What do you know about Brazil?

What do you know about Brazil?

Summary: If you don’t know about the vibrant technology industry in Brazil, you should. In this blog, I’m going to be reporting on what’s happening across all areas of technology in Brazil.

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What do you really know about Brazil? It's the land of samba, deadly caipirinha cocktails, soccer legends, and beaches that go on forever — right?

This is all true, but there is a lot more to this country than meets the eye. Brazil managed to ride out the global economic slowdown, for a start. Though the GDP growth in Brazil is now fairly modest compared to 2010, it's still positive — which is more than what most mature and developed economies can say.

Every IT supplier from Boston to Bangalore is making inroads and learning how to sell to Brazilian CIOs.

And if you don’t know about the vibrant technology industry in Brazil, then you should — and I hope this blog will be a place you will regularly return to as I'm going to be reporting on what's happening across all areas of technology.

At the end of 2012, the Brazilian software and IT services business employed over 600,000 people, creating revenues of $71.6 billion. This is not an industry that has sprung up overnight to take on the IT outsourcers in India. The IT industry has been around for decades in Brazil, going through the same growth cycle as that of the USA, from enormous mainframes to PCs, tablets, and semiconductors.

The eyes of the world are really on Brazil at present.

This is a mature industry that has generally existed under the radar of the rest of the world because most of the business was taking place locally. Government or local companies have been commissioning big IT projects with local players. But now, the Brazilian market has become so attractive, every IT supplier from Boston to Bangalore is making inroads and learning how to sell to Brazilian CIOs.

Last year, over 35,000 Brazilian students graduated from higher education courses focused in some way on IT services, more than half of them in the densely populated south east of the country. But even with a larger number of students taking technology courses, one of the main IT trade bodies in Brazil, Apeti, predicts that by 2020, there will be a deficit of around 220,000 IT professionals in the country.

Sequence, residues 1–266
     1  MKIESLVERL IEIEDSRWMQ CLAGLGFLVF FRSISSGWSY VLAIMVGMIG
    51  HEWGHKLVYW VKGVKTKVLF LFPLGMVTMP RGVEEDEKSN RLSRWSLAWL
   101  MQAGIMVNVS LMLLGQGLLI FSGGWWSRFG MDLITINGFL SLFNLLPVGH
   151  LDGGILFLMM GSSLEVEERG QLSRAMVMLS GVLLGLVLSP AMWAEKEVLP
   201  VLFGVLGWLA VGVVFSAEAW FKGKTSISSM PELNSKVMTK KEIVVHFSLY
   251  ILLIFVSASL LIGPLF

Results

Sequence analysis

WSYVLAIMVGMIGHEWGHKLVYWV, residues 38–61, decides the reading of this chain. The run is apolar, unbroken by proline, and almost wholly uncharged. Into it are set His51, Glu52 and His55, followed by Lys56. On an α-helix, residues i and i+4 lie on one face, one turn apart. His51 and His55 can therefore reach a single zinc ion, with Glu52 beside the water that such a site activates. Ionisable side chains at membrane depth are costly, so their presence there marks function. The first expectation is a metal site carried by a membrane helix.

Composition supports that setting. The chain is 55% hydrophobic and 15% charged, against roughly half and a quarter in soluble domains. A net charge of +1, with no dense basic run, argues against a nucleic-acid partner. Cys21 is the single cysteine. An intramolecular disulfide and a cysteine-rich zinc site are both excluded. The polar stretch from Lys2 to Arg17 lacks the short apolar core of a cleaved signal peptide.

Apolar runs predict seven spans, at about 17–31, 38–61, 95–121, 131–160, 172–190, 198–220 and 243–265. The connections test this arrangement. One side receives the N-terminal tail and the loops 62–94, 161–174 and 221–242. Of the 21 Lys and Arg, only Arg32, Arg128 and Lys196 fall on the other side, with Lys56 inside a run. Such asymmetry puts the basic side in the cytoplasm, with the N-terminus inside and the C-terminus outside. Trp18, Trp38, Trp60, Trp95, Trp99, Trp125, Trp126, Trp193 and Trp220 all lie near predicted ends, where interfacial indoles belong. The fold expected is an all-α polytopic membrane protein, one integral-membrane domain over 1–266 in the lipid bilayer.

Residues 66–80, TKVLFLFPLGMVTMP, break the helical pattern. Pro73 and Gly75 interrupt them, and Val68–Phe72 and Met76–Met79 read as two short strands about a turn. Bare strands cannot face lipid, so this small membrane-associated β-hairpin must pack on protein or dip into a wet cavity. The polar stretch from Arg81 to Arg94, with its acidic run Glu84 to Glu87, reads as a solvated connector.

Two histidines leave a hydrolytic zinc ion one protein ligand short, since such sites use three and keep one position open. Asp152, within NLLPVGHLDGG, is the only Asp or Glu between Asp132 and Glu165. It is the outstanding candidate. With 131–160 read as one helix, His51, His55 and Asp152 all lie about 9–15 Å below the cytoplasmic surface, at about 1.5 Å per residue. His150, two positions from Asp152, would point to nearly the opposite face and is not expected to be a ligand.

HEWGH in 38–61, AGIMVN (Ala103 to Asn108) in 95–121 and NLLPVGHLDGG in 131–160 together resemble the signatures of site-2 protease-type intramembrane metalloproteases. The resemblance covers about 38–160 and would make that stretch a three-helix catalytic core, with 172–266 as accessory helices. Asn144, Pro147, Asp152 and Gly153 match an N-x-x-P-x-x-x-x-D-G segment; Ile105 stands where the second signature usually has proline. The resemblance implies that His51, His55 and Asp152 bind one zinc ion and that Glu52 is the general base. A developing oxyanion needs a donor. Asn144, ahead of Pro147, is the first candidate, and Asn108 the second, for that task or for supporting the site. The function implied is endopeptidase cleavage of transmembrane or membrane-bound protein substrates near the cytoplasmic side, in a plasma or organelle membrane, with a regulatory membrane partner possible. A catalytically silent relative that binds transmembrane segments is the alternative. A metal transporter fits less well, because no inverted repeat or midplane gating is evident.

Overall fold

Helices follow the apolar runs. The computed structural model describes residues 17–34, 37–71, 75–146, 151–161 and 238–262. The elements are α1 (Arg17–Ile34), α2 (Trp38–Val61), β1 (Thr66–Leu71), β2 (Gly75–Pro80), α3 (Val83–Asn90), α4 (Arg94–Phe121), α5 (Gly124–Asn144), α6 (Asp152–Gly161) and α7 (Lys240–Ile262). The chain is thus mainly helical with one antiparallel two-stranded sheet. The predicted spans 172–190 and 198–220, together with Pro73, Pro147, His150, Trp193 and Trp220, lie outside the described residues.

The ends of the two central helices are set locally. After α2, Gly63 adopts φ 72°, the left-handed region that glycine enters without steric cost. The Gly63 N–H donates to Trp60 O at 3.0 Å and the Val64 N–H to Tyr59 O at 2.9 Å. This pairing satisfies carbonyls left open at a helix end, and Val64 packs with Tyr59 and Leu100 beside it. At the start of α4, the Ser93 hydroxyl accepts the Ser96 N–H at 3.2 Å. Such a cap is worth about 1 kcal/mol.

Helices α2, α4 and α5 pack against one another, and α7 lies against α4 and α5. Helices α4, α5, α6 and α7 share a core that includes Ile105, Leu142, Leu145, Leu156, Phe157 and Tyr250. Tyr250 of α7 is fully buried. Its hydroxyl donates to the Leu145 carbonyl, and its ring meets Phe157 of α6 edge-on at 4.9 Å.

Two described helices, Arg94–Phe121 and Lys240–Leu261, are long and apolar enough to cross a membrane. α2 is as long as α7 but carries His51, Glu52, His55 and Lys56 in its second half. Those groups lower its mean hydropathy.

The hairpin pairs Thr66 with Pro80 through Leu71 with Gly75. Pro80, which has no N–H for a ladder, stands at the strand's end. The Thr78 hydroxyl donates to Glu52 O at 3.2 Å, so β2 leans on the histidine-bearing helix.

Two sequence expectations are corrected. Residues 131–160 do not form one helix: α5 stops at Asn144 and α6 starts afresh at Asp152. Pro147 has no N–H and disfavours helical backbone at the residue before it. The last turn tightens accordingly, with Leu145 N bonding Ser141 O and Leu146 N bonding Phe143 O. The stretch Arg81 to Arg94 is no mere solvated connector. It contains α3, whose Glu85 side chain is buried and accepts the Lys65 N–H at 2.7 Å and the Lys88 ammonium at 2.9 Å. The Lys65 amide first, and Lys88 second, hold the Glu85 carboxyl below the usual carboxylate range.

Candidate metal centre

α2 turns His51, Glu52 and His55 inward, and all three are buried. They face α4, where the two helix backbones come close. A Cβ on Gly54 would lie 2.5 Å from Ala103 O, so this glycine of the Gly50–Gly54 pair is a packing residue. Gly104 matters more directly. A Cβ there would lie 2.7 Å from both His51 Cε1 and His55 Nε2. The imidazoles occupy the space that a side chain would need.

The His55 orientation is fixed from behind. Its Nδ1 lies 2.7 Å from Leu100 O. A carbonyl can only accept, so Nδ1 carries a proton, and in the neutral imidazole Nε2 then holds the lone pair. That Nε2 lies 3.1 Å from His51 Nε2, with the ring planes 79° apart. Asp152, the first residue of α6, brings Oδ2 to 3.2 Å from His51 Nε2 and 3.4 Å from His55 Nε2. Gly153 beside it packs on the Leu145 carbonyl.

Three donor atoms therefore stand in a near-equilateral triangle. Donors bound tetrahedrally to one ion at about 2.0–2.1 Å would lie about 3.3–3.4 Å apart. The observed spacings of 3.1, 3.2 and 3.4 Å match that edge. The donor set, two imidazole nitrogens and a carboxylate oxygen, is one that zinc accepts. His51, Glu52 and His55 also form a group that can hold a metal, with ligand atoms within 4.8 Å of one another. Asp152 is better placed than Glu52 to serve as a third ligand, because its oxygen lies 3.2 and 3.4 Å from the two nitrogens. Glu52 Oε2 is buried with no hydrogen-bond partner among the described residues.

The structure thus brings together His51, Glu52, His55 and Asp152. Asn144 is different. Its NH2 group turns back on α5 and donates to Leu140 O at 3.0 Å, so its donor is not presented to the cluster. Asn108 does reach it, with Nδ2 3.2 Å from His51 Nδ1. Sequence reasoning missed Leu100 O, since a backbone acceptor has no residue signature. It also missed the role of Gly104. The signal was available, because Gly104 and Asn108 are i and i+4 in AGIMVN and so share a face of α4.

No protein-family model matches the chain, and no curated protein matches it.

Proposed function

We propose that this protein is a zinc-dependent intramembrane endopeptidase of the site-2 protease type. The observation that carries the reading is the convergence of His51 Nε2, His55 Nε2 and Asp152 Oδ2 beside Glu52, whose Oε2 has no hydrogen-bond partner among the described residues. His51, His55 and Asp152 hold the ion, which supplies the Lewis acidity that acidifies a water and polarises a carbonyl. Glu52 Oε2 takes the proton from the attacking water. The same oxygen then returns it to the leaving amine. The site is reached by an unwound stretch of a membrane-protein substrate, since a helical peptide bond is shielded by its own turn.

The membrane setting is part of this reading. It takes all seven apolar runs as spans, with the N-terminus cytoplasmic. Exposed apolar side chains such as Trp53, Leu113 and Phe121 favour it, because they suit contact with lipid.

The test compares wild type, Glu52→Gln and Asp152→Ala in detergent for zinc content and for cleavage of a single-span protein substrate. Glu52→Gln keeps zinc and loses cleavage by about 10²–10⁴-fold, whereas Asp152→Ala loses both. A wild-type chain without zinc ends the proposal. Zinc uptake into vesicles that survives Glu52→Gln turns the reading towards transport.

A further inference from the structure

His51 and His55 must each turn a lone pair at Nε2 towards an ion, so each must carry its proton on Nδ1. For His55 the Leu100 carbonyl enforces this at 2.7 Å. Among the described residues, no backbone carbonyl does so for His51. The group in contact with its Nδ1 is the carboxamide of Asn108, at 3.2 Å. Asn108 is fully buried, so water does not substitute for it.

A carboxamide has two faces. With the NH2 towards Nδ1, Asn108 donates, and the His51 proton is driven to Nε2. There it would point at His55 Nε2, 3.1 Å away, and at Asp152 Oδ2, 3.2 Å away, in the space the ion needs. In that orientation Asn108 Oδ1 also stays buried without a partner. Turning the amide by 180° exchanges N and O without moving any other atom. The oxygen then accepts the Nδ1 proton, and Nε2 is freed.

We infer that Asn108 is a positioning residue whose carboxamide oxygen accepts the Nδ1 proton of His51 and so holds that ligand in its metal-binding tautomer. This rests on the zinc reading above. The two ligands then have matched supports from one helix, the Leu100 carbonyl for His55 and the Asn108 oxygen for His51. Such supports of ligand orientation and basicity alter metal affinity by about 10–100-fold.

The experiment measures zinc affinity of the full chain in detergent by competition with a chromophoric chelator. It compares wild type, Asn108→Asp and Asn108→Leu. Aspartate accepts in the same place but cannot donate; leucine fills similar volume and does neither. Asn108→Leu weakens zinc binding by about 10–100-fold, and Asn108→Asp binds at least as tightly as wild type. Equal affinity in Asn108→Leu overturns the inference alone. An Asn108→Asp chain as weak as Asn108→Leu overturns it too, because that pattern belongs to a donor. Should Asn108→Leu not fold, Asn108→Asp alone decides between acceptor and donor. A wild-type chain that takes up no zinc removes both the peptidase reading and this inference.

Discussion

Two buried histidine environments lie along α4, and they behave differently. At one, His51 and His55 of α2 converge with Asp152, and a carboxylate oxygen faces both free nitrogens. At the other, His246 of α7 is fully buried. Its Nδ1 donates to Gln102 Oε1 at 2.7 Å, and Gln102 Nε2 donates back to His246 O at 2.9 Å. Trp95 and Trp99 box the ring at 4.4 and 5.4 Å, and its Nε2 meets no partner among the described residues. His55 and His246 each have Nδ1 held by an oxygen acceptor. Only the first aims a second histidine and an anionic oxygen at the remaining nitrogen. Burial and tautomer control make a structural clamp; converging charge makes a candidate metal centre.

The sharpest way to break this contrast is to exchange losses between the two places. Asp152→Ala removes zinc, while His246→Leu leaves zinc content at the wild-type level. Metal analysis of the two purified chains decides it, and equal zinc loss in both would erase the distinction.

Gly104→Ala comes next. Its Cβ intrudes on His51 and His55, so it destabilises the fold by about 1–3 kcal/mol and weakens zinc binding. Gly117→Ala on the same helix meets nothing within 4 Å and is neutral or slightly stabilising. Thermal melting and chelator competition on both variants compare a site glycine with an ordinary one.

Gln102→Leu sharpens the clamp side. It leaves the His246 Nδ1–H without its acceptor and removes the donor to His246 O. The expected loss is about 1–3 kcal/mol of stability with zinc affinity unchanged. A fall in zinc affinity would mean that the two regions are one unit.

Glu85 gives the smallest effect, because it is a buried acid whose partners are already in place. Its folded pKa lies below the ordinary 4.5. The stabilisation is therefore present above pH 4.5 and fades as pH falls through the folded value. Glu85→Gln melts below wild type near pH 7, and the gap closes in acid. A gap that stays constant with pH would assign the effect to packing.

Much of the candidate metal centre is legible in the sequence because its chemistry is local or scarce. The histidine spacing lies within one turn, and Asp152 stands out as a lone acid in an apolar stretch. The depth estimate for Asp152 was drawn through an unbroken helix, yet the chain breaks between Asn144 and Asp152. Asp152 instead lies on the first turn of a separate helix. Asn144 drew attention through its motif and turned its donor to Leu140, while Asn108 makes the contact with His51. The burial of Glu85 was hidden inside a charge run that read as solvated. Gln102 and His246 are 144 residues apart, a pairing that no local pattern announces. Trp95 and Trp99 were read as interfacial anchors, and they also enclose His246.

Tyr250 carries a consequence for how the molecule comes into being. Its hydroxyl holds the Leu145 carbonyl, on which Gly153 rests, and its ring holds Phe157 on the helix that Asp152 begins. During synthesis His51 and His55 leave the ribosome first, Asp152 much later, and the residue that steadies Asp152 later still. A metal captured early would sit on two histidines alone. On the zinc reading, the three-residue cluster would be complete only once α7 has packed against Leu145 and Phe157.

The eyes of the world are really on Brazil at present. The FIFA soccer world cup is in Brazil next year, and the famous Maracanã stadium just reopened last week after several years of renovation. The Olympic games will come to Rio in 2016. And Brazil is a leading member of the Brics, which is starting to become a global force in world trade with the recently announced Brics development bank.

Are you working in IT and looking for a new opportunity? How about learning Portuguese and heading south to try taking one of those jobs? This isn't a market where people are just glad to have a job in IT. This is a place where group buying and crowd sourcing is normal, and social network adoption is second only to the USA. And there are just not enough IT experts to go around.

Topics: Outsourcing, Government, Tech Industry

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5 comments
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  • It would be nice...

    if there are numbers to which we can compare the Brazilian numbers, so we can put them in perspective. For example, population size, % of IT in term of GDP, the US/India/China's graduate counts, etc.
    gamoniac
    • Speaking as Brazilian

      In IT, Brazil has similar problems that the United States have. It´s very difficult to find good engineers and good programmers. Official Data shows that in 2011 there were 120.000 people graduating in ALL STEM areas. In IT alone there were something like 40.000 graduates. That´s in a population of 300 million. Worse, since objective of the High School is to prepare students to face a college entrance examination and since the engineering schools are modeled after the French Grande Écoles you find many engineers that can crunch the numbers, but that sink on everything else and that have no creativity at all. You also find many engineers(And all kinds of college graduates) that does not speak a single word of English.

      There are many good solutions being created in this environment, anyway(There is Buscapé, a price comparison guide in e-commerce, for instance). And there is a Rising Middle Class, so, there is a market for tech entrepreneurs.
      andrekenji
      • Yes, I agree the curricula at high school (technical schools such as ETECs and so on) and universities in Brazil must be more in tune with the current market needs. English language fluency is also a problem which needs to be addressed over time and associations, universities, the government and the private sector all have a role to play in solving this issue. Your point about the start-up scene is spot on - Buscapé was/is a great company, but it was created ages ago. We should be able to come up with more exciting companies that are internationally known.
        Angelica Mari
    • Hi there, thanks for your comment - the first of this blog! The idea for this initial post was to give an introduction to the tech scene in Brazil. I plan on making a lot of comparisons, analysis and gathering data for future posts so stay tuned. :)
      Angelica Mari
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